A few weeks back Atlantic Yards Report posted a compendium of recent writings that point to the contradictions inherent in, and problems resulting from, parking requirements for urban development plans.
Mayor Mike Bloomberg’s much-praised PlaNYC 2030 contains a glaring omission, a failure to address the antiquated
anti-urban policy that mandates parking attached to new residential
developments outside Manhattan, even when such developments, like
Atlantic Yards, are justified precisely because they’re located near
Transit-rich Manhattan isn’t exempt from such requirements either, as the city fights in court to turn Hell’s Kitchen parking maximums into minimums.
AYR cites a December New York Times op-ed,
written by planners Alex Garvin and Nick Peterson, as one indicator
that awareness of the parking paradox is entering the mainstream. And yesterday, Metro published a piece questioning the value of Community Benefits Agreements. Touted as a way to smooth possible tensions between neighborhoods and developers through a give-and-take planning process, some argue that CBAs are being abused by builders and the elected officials who support their projects.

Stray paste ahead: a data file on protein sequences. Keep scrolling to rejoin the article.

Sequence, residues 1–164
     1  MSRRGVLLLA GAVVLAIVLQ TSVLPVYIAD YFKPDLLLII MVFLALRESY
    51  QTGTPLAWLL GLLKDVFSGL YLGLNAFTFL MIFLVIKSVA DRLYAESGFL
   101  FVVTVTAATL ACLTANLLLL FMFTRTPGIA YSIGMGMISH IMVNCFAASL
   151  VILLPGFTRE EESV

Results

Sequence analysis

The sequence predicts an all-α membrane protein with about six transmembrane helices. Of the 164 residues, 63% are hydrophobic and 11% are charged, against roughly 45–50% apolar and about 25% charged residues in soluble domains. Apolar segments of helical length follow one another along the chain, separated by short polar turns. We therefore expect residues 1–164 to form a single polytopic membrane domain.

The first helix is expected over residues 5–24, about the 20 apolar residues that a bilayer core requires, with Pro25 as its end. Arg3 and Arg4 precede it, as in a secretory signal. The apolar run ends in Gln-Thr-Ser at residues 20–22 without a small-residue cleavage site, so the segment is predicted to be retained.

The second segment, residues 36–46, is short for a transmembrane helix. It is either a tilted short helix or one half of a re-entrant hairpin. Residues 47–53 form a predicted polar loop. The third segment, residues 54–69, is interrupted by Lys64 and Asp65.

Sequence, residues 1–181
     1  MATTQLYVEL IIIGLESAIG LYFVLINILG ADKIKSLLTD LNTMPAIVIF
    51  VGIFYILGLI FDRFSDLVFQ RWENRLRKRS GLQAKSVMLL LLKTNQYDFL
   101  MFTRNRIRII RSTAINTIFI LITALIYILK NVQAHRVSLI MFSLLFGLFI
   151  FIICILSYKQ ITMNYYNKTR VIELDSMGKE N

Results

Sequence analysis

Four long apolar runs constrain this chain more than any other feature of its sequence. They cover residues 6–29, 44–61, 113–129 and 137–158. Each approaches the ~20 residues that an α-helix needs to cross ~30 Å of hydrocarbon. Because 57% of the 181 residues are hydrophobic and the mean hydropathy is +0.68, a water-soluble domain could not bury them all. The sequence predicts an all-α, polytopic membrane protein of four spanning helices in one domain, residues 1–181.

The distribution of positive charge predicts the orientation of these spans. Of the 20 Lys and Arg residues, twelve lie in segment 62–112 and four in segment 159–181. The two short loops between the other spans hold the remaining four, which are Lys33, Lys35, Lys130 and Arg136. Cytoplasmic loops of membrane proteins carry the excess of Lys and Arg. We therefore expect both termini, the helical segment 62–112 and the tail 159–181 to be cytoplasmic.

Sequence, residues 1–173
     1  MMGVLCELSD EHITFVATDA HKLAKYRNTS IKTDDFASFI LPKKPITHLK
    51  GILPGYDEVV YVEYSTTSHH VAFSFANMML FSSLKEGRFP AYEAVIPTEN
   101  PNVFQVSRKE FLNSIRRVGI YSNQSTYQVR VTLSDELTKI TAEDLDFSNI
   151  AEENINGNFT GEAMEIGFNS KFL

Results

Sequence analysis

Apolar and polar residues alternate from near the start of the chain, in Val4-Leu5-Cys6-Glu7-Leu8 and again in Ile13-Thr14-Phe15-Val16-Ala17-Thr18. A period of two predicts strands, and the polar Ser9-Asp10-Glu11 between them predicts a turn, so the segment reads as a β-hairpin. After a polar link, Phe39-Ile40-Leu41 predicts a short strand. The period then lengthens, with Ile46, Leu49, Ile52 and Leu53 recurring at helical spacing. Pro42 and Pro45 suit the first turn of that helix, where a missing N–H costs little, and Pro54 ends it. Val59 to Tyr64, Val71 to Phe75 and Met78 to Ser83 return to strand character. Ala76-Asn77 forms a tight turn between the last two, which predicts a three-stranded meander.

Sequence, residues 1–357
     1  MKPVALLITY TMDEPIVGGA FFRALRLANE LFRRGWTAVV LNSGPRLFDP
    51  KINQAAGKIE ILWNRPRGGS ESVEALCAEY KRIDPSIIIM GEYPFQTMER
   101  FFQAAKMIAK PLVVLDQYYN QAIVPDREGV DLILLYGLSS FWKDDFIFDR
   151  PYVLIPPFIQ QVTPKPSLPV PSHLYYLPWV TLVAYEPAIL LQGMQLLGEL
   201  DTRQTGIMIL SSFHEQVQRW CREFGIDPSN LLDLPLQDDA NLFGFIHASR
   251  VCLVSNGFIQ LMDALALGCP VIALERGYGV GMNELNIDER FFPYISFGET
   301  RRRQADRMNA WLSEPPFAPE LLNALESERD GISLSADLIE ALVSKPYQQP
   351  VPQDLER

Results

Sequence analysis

This New York style of deal making worries California attorney Julian Gross. “The entire future of the community-benefits movement could be threatened by CBAs being sidetracked and taken over by developers and electeds who want to steer and channel the community participation,” he said.
One result, in the case of Atlantic Yards and the new Yankee Stadium, is an influx of cars essentially legislated into neighborhoods that don’t want them, even as the city preaches the virtues of sustainable growth. From that perspective, the hiring of DOT Commissioner Janette Sadik-Khan and other planning dream-teamers can seem less a sign of hope than another symptom of the city’s schizophrenic approach to urban mobility — unless, whether due to publicity or change from within, a lot more stuff like this happens.